Twenty-Five Days Of Christmas: A Christmas Tale, Chapter Eighteen

Margot let go. “It’s show time, Santa Baby. Go get ’em, Tiger.”

Tim and Simi appeared to usher me to the makeshift “Santa throne” so that the children would not see me until I was sitting down and ready to take wish lists and give presents. We swiftly, silently, made our way to the big, overstuffed chair sitting on a raised platform to the back of the commons. I mounted the steps, laid down the big red bag I had carried down, and sat down in the chair.

I was suddenly ready to put on a show. “Ho! Ho! Ho! Merry Christmas!”

Every head turned to look at me. A cheer went up from those old enough to remember who I was portraying. Whispers filtered through the crowd as well. Simi stepped out from behind the chair, dressed in a homemade elf costume, complete with fake ears. Frank and Tim did the same.

Simi curtseyed. “Ladies and gentlemen, Santa sent his helper tonight to gather all your holiday wishes so that he can bring them to you in the night. He will be making a personal appearance tomorrow to share in the final festivities with us. Tonight, though, he is loading up his sleigh and rechecking his lists.” She turned sideways to open the way for the children. “So, children. If you will. Please make your way over and form a line. Santa’s helper will be happy to listen to your wishes and to tell you tales of Christmases past.”

The parents walked their children over to where I was. Each smiled as they recognized me beneath the disguise. But not one attempted to ruin the illusion. They knew what I was trying to do for the children. And they knew that I was doing it as much for them as I was for the children. It was for their morale.


I took my leave and went in search of Merv. I found that all I had to do was follow the “Ho, ho, ho” coming from the commissary. I stepped in to find the hilariously realistic sight of him as Santa, dancing as he prepped the feast for the next day. He turned to find me standing there trying not to laugh. I smiled at him. “Is Santa ready to go and make an appearance?”

He touched his nose and smiled. “Ho! Ho! Ho! Let’s go!”

Trying not to laugh, I led him from the commissary into the commons. “Hey kids! Look who decided to make a last minute appearance! It’s the real Santa!”

A cheer rose from the children, who flocked to him for hugs. Merv, a natural with the kids, was an amazing Santa. And none of the soldiers actually knew who he really was, which made it seem all the more real. To all, he was Santa. The big man himself. And his beard was real! As was his girth! And both made him a natural choice for Santa.

“Did you give my helper here your list of wishes?” He was playing the crowd well.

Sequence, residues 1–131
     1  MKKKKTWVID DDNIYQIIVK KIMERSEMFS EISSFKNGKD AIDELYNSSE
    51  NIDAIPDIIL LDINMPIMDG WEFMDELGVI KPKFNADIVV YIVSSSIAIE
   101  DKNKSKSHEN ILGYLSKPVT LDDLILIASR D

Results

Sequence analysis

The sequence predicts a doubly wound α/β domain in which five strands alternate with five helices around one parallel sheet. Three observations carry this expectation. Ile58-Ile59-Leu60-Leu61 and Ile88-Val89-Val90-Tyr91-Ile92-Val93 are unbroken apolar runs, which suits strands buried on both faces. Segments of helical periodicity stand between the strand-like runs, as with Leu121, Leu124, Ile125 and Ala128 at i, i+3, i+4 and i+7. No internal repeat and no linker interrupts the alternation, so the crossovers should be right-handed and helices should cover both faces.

As if of one mind, the children answered him in unison. “Yes!”

He smiled at their exuberance. “How about your wishes for next year?”

Again, they answered of one accord. “Yes!”

He chuckled. “Ho! Ho! Ho! Then I should have a pretty good idea of what you all want for Christmas next year! Very good! And remember. You’ll want to begin sending me your letters again if you want to see me every year!” He winked at them. “Now. I must go back to my workshop and get my sleigh! I will return once you are all in bed and asleep. Now don’t try to stay up and see if I come back. I will know. and you won’t get any presents.”

Still of a single mind, they replied as a single voice. “Ok, Santa! We promise to go to bed and go right to sleep!”

He smiled, winked, then shuffled back to the commissary. He had put in the first of his two appearances. Tomorrow, he would make one more appearance as Santa. But, for tonight, he was done. He could go back to his comfy kitchen and sing and dance around his cooking tables. I smiled as I watched him go.

I went back to the chair I had taken wishes in and sat down. “Who wants to hear the first tales of Christmas?”

They all surrounded me and sat on the floor, waiting for me to begin. After they quieted down, I began. I started out with the stories on how it was given its name. then, I went into the stories about Saint Nicholas, Santa Claus, Frosty The Snowman, Rudolph, and nearly every legend and children’s story about the holiday.

I, then, read other Christmas stories. I followed this up with a movie time where I showed a dozen or so Christmas movies. By the time it was all over, it was time for the children to go to bed. I made a mental note that the next Christmas would include a tree. It only seemed right. But we couldn’t risk it this time. Too risky. And the trees were all the wrong kind.

Still, I had begun a new tradition. I had also revived an old tradition or two. And I had done it all for the people. I smiled. I was finally feeling as if I had begun to accomplish something.

I stayed long enough to help Simi and the others clean up. During cleanup, Demoria came up and shook my hand. “Truly amazing. I was truly entertained by your little show for the children.”

I looked at her. “It was for everyone, young and old. It has been decades since they have had any holidays to celebrate. Many of the younger adults know nothing of the old traditions. Only the hell that has been. I am lucky enough to remember all the holidays. And the fanfare that used to accompany each one.”

She smiled. “So am I. We celebrate all the holidays as well. But this was the first time I have witnessed such revelry. And such uniqueness. Congratulations. I am impressed. You really do know how to boost morale.”